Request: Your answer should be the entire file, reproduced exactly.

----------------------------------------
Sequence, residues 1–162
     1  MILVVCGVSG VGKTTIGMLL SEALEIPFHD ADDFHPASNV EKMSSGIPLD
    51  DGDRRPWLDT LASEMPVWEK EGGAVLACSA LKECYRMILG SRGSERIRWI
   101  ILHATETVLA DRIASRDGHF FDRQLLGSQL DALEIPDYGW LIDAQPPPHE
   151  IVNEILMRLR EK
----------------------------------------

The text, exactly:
Sequence, residues 1–162
     1  MILVVCGVSG VGKTTIGMLL SEALEIPFHD ADDFHPASNV EKMSSGIPLD
    51  DGDRRPWLDT LASEMPVWEK EGGAVLACSA LKECYRMILG SRGSERIRWI
   101  ILHATETVLA DRIASRDGHF FDRQLLGSQL DALEIPDYGW LIDAQPPPHE
   151  IVNEILMRLR EK